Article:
This may indicate, if documented assault percentages are high in relation to the comparator school, that there are more frequent cover ups of lesser violations, as logically players are more likely to commit lesser violations than greater ones and at a rate that may be consistent across schools. Note here that it appears that Michigan has lower instances of verified assault, even though the local environment appears more willing to fully investigate rather than cover up these issues. Also of note, according to his new contract, Urban Meyer was required to have reported these seven instances. If he has not, the university has cause should it care about such things.
UM; 3=27% OSU; 7=39%
Percentage of player violations that resulted in dismissal.
This may indicate, relative to the comparator school, if the school has a focus on doing the right thing, or winning at all costs.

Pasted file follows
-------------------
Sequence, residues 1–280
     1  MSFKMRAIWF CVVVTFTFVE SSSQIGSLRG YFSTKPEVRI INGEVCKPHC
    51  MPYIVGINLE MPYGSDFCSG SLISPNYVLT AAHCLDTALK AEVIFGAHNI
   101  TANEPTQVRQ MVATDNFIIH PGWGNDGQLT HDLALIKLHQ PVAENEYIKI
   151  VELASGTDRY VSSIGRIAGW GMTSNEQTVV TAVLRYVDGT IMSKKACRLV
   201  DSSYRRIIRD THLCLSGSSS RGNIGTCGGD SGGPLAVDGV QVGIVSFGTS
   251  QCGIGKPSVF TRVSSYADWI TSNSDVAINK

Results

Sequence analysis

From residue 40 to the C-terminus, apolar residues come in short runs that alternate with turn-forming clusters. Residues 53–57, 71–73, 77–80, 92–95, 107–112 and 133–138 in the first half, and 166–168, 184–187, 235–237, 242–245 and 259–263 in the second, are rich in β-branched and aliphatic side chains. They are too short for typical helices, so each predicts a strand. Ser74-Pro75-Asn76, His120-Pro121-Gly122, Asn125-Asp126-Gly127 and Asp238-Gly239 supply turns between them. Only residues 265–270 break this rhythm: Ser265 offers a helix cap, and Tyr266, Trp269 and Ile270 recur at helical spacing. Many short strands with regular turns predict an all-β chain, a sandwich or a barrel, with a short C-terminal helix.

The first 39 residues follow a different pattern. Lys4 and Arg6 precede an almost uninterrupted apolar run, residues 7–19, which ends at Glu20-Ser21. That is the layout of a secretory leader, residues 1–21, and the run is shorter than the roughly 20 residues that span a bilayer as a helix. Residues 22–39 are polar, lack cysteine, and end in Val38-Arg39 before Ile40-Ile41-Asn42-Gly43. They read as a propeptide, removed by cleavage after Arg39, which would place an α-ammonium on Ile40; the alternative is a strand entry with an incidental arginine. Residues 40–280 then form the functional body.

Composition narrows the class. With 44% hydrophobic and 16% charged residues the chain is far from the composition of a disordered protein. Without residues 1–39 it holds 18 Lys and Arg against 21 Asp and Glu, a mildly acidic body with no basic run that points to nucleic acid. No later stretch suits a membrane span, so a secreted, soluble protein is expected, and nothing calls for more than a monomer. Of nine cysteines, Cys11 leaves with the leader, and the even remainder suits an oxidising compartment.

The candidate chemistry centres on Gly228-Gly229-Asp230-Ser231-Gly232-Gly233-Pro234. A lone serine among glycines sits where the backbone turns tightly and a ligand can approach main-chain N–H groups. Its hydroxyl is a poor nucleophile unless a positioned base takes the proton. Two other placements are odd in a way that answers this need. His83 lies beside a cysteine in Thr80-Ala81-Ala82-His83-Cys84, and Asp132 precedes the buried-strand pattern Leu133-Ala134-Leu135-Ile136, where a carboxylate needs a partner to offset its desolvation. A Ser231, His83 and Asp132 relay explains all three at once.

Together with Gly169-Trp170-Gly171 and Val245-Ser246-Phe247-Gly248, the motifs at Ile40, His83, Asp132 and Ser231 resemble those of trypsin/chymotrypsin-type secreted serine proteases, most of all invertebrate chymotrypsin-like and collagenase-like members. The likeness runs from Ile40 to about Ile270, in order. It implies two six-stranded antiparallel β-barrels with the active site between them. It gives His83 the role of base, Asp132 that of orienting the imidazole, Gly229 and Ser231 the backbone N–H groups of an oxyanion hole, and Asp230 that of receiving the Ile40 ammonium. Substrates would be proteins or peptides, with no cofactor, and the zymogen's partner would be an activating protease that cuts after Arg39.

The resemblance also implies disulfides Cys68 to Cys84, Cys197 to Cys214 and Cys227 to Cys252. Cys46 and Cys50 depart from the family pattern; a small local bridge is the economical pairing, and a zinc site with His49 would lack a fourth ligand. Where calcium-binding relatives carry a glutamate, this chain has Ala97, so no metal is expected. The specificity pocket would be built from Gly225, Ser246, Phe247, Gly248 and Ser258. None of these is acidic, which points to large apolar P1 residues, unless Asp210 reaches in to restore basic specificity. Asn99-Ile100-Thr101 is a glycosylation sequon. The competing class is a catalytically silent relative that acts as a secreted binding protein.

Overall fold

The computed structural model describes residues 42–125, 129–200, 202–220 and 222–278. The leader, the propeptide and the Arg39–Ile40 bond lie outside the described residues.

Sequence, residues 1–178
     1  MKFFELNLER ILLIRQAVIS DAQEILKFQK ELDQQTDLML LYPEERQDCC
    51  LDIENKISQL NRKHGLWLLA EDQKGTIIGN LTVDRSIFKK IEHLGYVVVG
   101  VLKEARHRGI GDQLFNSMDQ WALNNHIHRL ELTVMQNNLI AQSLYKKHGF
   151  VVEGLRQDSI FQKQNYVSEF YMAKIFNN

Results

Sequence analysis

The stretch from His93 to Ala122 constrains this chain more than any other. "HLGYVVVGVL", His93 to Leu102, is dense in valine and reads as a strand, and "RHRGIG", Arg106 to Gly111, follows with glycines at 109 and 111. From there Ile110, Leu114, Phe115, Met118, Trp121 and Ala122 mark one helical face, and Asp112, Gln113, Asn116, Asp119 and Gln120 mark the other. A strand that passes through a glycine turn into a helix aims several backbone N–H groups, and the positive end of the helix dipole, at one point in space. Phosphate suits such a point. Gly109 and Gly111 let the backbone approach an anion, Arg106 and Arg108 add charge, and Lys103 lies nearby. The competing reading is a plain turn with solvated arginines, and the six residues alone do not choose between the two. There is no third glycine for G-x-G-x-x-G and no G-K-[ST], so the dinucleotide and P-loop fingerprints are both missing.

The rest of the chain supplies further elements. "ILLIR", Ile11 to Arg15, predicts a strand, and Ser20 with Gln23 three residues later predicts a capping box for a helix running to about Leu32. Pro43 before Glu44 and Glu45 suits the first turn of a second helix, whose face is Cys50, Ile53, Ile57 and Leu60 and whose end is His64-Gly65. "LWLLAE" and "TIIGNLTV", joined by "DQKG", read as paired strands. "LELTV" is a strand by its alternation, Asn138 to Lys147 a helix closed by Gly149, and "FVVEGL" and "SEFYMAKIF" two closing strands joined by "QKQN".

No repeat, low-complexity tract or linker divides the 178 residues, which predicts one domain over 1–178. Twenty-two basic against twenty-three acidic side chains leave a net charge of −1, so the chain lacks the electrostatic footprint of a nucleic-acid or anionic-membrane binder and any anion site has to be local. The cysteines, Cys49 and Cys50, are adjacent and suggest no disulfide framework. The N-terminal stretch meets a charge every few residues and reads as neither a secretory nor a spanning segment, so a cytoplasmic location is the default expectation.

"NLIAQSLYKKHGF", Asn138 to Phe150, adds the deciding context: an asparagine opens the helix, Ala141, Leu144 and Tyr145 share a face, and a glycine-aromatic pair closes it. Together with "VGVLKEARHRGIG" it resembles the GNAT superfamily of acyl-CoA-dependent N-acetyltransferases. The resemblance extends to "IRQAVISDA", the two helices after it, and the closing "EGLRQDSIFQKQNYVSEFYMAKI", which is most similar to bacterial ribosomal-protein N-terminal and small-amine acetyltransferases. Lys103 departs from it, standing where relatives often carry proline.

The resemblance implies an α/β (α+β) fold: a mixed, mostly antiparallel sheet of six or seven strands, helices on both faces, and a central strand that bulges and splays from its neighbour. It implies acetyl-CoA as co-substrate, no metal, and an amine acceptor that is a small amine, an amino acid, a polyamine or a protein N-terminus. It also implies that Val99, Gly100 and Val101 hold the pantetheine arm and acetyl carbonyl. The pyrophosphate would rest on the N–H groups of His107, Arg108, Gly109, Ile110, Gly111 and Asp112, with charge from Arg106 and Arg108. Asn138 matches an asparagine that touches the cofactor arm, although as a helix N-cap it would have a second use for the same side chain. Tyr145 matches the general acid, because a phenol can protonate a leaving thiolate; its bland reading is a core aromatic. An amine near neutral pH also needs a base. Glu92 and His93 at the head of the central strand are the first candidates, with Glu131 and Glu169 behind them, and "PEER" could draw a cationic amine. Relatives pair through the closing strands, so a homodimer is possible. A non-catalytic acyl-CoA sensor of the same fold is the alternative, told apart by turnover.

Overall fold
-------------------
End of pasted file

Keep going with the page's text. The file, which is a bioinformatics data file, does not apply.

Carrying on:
UM; 4=36% OSU; 3=17%
Percentage of known incidents not fully reported in any venue.
This may indicate the presence of cover up schemes not only within the coaching staff and local police, but within the local media circles as well.
UM; 0=0% OSU; 4=22%
[Indiana Sports Coverage]
Full Results: Surprisingly, there is a drop off in non-victim local arrests for OSU post championship season. On the Michigan side, it appears that discipline was significantly harsher over the full course of this study; even for small infractions, and local police do not grant Michigan players as many free passes. As a result, there has been only one marginal case of a Michigan player (or former player) recidivism. Possibly the most interesting aspect of this data is that it tends to show that treating players as if they are above the law or handling potential law enforcement issues internally has the undesired outcome of recidivism. I have high hopes that in 10-15 years, these Michigan players will have become the men the University wants them to be. As well, I hold out hope that there is a buckeye out there somewhere with the courage and leadership to fix what’s going on in Columbus.